Here’s Why Opting-In No Longer Just Refers to a Consumer in Your CRM
In previous posts, we’ve discussed the essence of relationship marketing: it is not about selling or convincing consumers why your product is better than others – it involves partnering, collaborating and actively building value together with your customer (as perceived by the customer). We’ve taken you through key components of successful relationship marketing, such as customer engagement and customer experience. You can see our most recent post on segmentation and customization here.
This week, Elaine explains why rethinking the definition of opting-in and best practices in engaging with and activating these consumers is imperative.
A key enabler of collaboration and building value with your customers is the process of allowing them to opt-in. For marketing purposes, opting-in refers to strategic relationship building vs. operational or compliance considerations.
As we consider relationship marketing principles, it is easy to see why a critical resource for collaboration and building value together with your customers is opt-in. Opt-in is often defined solely in an operational sense and from the marketer’s point of view: capturing email addresses or mobile numbers for building and executing to a customer list.
Consumer Centricity is Key for Successful Opt-In Strategies
I will take this a step further with a more customer-centric definition of opt-in:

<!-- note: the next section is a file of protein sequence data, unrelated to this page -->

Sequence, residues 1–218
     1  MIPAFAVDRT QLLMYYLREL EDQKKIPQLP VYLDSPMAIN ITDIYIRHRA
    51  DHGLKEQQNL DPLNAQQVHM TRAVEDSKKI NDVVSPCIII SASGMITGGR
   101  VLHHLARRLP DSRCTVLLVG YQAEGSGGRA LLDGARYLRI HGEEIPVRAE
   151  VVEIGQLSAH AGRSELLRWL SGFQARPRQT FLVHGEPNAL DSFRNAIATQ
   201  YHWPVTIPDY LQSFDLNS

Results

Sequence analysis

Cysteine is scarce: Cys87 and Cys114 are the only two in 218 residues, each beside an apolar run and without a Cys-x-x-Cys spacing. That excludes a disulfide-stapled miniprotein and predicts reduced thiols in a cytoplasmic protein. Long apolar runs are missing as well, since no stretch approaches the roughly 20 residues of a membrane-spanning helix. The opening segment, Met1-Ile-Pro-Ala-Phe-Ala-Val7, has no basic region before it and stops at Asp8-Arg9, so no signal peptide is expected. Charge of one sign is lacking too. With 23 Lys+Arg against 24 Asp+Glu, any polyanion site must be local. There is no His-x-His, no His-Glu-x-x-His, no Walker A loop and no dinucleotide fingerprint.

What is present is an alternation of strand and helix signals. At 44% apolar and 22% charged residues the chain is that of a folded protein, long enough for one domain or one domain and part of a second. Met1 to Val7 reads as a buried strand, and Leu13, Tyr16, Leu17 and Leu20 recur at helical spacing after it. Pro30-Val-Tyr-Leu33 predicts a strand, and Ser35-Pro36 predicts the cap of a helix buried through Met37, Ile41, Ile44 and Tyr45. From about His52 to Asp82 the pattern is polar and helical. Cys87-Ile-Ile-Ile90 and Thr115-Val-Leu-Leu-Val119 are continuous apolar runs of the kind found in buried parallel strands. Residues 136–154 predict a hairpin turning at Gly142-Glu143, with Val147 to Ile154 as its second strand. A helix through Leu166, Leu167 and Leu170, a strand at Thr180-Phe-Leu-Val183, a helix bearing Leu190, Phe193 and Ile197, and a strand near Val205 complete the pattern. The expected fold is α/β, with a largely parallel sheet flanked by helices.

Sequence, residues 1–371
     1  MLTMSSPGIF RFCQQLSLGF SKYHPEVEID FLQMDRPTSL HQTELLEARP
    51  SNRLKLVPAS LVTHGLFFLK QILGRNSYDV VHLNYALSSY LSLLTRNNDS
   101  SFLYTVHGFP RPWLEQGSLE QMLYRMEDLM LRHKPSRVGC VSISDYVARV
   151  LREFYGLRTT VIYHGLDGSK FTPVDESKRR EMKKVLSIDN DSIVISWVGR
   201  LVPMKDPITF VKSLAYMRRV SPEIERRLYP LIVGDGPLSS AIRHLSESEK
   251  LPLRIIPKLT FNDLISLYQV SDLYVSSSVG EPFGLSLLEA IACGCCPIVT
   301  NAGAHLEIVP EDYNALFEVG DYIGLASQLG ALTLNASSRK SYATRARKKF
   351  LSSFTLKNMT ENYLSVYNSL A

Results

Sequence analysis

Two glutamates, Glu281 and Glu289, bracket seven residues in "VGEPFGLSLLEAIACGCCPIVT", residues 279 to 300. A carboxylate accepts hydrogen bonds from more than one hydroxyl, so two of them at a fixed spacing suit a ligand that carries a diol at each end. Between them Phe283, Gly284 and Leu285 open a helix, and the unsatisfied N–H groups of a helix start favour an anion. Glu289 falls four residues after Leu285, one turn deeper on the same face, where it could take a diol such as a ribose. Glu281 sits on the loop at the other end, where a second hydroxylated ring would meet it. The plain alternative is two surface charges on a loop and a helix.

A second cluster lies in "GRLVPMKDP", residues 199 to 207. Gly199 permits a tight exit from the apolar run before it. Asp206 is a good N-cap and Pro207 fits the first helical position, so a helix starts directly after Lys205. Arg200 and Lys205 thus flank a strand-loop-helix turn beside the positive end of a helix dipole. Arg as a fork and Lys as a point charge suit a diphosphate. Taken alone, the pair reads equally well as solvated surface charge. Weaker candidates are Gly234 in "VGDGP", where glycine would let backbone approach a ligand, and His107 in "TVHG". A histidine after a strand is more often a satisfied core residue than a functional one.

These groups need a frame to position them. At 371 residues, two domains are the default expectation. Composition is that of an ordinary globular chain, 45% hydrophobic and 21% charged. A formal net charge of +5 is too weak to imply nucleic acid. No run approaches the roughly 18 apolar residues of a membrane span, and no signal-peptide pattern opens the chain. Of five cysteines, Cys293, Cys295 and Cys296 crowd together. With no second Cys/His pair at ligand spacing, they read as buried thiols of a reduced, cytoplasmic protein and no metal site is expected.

Opt-In is a customer granting permission for marketing directly to them via email, mobile or other personalized vehicles, and in doing so, demonstrating confidence and trust that a marketer will understand, respect and respond to his/her preferences.
Digital technology has made it easier than ever to target customers without opt-in based on their online behaviors. With this in mind, some have asked: “is actual opt-in really needed anymore?” With this approach, marketers believe they are practicing relationship marketing… We believe the answer is no.
When looking at opt-in as the process of gaining a consumer’s email address, it becomes purely operationally driven and passive, which is not the same as expressed customer consent. If the individual has not granted permission, you could actually risk creating a negative customer interaction, experience or perception of your brand, which defeats your purpose.
However, when looking at opt-in in a customer-centric way, you are able to create hand-raisers – an audience that has actively granted permission for your message and invited it; therefore, they are inherently more engaged in receiving and acting on your messages. In my experience, a hand-raiser audience responds to digital marketing as much as 70% higher than non-hand raisers. This is an attractive test and learn opportunity, among others, for marketing teams.
The essence of relationship marketing is two-way engagement. The reliance on more passive operational insight is potentially more one-way than two-way because the customer did not actively grant consent to you.